Never having had any problems with his past charges, Maximillian finds himself struggling to get his current charge, King Óláfr the Black, to accept his soulmate Magnus, a lowly servant. The connection is strong between them, but the changing times that Manannán witnessed and the introduction of Christianity had Óláfr struggling to accept his soulmate. 

Ignoring the dire warning from Christina, his Wiccan guide, about interfering, Maximillian finds himself creating ripples from his actions with untold consequences that cause devastation. As he is left to wander this earth, his role irrevocably changed by his actions. He must now ensure promises that were made are honoured, no matter the length of time that passes.

Can he help fulfil those promises made by another without breaking the rules again? Or will the souls searching for love be destined to never find each other?

Only time will tell.

 

Source: archaeolibrarian.wixsite.com/website/single-post/2018/07/20/Where-It-All-Began-Manx-Cat-Guardians-Prequel-by-JP-Sayle
Like Reblog Comment
show activity (+)
review SPOILER ALERT! 2018-05-12 16:12
It began with fluff . . . . . . and ended with fluff
Witch Is When It All Began - Adele Abbott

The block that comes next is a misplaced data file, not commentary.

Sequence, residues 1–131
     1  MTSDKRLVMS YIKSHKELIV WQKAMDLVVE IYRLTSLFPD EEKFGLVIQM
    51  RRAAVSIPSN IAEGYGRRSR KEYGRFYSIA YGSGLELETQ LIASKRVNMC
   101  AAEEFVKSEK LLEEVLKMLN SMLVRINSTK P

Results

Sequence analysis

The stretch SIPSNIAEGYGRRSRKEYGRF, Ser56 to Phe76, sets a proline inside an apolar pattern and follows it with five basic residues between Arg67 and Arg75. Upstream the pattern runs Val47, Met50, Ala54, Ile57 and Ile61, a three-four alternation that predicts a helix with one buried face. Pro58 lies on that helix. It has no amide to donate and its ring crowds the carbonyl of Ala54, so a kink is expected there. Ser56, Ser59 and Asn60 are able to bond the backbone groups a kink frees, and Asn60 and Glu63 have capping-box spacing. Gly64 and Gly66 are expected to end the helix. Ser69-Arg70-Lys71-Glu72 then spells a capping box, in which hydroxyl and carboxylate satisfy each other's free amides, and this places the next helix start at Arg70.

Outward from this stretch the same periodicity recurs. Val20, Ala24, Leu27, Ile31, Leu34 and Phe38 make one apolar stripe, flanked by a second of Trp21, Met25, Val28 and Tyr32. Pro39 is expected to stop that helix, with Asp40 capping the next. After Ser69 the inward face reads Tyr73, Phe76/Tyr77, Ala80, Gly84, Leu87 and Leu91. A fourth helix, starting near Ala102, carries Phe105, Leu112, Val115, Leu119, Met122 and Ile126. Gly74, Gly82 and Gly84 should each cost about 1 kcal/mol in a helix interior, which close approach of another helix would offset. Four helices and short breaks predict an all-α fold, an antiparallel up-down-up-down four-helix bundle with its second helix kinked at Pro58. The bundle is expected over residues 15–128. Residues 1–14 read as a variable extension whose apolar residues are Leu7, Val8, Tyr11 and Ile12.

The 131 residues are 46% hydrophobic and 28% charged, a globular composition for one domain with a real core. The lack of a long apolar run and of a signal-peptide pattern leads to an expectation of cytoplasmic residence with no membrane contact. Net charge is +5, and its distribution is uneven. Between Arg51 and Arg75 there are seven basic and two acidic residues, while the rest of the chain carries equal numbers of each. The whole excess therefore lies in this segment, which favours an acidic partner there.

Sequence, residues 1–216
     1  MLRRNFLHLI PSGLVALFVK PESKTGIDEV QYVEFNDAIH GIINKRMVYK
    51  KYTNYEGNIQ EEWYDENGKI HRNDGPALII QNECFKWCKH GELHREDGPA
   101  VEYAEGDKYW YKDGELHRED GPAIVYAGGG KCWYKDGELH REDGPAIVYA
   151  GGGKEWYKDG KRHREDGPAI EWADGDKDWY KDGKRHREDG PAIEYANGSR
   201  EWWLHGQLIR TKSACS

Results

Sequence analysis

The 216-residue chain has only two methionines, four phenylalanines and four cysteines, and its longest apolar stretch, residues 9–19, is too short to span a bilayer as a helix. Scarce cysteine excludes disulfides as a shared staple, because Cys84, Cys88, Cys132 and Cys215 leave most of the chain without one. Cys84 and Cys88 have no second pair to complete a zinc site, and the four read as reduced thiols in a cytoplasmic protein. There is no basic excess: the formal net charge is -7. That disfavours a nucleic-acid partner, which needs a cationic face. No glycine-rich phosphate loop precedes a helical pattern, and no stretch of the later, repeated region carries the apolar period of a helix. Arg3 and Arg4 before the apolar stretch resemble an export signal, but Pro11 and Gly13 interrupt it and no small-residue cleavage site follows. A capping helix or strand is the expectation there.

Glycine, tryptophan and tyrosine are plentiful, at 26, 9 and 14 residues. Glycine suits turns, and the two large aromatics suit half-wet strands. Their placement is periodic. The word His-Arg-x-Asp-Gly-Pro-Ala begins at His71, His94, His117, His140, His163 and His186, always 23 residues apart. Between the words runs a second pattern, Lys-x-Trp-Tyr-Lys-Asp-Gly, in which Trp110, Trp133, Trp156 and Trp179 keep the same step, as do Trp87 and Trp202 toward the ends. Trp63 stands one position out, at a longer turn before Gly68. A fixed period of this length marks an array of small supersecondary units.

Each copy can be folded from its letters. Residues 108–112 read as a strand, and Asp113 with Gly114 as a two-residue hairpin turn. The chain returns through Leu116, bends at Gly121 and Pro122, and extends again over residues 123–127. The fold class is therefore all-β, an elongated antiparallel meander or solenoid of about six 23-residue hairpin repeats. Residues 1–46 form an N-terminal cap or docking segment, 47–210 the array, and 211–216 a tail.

Disclosure:  I obtained the Kindle edition of this book on 8 September 2017 when it was offered free on Amazon.  I do not know the author nor have I ever had any communication with her regarding this book or any other matter.  I am an author of historical romance and contemporary romantic suspense.

 

The production of this book is clean.  I think I found one or maybe two typos, but they weren't important enough to note.  There are some grammatical errors, such as using "me" when "I" would have been correct, but again, they weren't numerous enough to affect the actual reading unless you're a grammar dragon like me.

 

There's just no substance to the story.  If you're looking for light entertainment with nothing that will make you really think, then maybe you'll like this.  It's not a bad book, and it's not badly written. 

 

So why two stars instead of at least three?  Well, a lot of reasons.  Spoilers ahead.  Sort of.